Capsule Review: ‘MANGLEHORN’ – An Admirable Yet Disconnected Drama


Cole Clay // Film Critic

MANGLEHORN | 97 min | R
Director: David Gordon Green
Cast: Al Pacino, Holly Hunter, Chris Messina and Harmony Korine

Al Pacino has had a banner year in the twilight of his career as he teams with Texas based filmmaker David Gordon Green (PINEAPPLE EXPRESS, JOE) in this experimental morality tale called MANGLEHORN. When he’s not helming big budget comedies for the Judd Apatow camp, Green explores the abstract emotions of the human condition. All of Green’s independent projects are riddled with subtext revolving family dynamics and life lessons. He’s a filmmaker that always resonates even if the dots don’t always connect.

Al Pacino in Manglehorn (photo courtesy of IFC)

Al Pacino in Manglehorn. Photo courtesy of IFC Films.

MANGLEHORN follows the titular A.J. Manglehorn (Pacino), a heartbroken locksmith reflects on his life and tries to connect with his estranged son (Chris Messina) and finds an unexpected friendship along the way.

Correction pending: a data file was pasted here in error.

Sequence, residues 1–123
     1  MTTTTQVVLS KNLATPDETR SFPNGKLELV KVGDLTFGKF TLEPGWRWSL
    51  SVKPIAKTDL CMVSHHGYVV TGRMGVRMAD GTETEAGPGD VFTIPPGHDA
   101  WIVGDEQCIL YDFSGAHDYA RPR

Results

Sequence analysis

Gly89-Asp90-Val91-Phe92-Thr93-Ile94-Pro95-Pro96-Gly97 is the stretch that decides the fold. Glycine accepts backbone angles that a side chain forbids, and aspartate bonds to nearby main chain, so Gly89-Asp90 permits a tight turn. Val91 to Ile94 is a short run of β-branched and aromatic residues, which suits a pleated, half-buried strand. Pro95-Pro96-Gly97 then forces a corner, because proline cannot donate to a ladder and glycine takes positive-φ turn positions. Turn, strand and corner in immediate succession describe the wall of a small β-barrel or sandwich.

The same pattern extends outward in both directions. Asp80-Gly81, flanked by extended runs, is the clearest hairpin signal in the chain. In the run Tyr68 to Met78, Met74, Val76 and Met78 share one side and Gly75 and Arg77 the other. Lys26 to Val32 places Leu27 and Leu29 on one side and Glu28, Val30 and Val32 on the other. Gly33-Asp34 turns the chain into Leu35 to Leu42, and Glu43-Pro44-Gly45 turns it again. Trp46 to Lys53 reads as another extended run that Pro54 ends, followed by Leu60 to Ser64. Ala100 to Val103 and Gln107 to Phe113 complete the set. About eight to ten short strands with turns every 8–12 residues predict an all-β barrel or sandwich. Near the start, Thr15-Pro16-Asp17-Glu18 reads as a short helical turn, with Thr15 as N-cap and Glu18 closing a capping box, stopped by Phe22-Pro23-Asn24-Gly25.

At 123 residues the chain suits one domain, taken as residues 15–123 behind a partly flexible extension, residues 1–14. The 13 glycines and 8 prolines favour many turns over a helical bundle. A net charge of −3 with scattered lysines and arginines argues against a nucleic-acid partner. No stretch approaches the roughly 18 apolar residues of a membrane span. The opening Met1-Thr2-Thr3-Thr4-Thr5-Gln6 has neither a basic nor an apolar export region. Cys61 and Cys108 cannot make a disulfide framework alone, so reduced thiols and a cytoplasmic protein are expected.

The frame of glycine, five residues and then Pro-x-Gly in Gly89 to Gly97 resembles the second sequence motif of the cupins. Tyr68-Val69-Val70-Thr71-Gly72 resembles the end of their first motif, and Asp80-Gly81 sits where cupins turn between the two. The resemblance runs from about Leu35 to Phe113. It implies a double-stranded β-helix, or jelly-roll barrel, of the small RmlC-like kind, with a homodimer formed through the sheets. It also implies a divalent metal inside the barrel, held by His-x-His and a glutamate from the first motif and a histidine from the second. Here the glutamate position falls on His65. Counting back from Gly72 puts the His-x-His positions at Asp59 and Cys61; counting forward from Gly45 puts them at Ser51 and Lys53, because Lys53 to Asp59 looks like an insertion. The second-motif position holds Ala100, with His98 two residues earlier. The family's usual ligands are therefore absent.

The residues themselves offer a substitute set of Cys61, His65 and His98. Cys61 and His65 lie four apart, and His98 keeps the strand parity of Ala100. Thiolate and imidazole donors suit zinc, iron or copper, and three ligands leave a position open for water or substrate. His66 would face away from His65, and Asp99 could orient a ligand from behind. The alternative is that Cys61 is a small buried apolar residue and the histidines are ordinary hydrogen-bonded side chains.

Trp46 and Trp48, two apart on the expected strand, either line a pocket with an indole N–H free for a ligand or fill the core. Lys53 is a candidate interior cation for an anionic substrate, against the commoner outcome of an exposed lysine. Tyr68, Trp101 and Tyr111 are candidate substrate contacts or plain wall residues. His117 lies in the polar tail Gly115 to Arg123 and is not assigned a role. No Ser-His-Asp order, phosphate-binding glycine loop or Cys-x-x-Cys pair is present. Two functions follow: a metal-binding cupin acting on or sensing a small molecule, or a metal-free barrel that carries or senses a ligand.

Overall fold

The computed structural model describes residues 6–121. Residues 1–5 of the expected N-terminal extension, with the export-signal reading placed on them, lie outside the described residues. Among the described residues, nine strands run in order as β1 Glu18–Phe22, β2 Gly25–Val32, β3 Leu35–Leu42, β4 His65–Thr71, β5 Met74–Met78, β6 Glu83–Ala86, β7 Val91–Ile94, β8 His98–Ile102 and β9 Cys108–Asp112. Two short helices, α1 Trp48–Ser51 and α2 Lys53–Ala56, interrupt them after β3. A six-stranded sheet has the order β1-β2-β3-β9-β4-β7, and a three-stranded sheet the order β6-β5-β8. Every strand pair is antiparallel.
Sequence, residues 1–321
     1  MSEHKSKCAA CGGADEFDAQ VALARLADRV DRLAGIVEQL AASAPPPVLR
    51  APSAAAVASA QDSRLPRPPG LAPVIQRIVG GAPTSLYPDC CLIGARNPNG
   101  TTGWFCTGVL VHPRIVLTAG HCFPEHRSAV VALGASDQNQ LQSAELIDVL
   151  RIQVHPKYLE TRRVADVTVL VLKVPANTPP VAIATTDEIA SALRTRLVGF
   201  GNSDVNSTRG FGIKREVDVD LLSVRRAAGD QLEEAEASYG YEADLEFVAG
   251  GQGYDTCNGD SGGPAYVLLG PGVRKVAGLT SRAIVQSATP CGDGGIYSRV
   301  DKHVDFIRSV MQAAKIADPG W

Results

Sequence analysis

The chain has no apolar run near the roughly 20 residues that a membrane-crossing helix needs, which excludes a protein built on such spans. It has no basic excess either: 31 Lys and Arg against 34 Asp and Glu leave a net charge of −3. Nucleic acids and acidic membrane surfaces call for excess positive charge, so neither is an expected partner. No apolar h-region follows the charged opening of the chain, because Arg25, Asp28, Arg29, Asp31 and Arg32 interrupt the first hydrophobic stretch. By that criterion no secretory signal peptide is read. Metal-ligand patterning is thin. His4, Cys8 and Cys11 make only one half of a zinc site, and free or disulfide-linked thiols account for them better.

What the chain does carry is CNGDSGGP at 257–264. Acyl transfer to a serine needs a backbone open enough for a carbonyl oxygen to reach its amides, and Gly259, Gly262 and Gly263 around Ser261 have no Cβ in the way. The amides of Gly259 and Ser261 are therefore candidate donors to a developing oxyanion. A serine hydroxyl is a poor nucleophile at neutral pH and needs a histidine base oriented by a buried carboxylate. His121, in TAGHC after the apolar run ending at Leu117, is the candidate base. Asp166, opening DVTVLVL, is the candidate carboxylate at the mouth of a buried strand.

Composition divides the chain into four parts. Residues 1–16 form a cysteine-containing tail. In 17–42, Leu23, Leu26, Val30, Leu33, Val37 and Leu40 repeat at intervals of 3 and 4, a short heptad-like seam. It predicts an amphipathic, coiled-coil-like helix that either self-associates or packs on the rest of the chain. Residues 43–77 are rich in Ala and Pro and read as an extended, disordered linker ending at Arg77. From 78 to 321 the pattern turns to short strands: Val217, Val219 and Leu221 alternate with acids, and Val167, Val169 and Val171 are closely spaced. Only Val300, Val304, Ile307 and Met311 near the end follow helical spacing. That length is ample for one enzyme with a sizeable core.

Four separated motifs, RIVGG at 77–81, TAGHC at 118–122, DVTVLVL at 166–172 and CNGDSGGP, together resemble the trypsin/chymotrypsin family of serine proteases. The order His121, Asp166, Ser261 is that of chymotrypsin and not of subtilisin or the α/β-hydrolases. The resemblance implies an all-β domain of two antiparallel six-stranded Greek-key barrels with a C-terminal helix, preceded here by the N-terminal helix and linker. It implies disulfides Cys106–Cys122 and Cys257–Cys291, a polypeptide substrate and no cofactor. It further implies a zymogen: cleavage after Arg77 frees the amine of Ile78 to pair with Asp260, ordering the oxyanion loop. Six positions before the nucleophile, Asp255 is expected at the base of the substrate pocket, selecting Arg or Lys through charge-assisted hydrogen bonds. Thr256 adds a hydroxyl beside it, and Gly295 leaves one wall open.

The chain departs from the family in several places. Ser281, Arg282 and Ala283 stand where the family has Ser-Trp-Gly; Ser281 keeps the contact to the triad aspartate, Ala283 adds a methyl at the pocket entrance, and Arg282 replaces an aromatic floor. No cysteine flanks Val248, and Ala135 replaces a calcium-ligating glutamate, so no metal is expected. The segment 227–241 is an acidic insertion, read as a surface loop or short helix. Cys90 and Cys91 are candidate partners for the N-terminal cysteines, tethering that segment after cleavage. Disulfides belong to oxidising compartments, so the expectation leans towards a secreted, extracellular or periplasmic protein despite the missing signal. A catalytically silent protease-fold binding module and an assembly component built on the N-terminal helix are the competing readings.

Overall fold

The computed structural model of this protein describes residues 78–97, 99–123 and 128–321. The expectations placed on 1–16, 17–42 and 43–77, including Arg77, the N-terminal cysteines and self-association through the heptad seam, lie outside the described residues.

Pacino is known for his broad performances, but Green directs him into a subtle yet biting performance. But everything else surrounding the character of Manglehorn falls flat. I’d recommend watching Pacino in an underrated role from earlier this year DANNY COLLINS.

MANGLEHORN is available on iTunes, VOD and in limited release on Friday.

About author

James C. Clay

James Cole Clay has been working as a film critic for the better part of a decade covering new releases, blu ray reviews and the occasional drive-in cult classic. His writing is dedicated to discovering social politics through diverse voices, primarily focusing on Women In Film and LGBTQ cinema.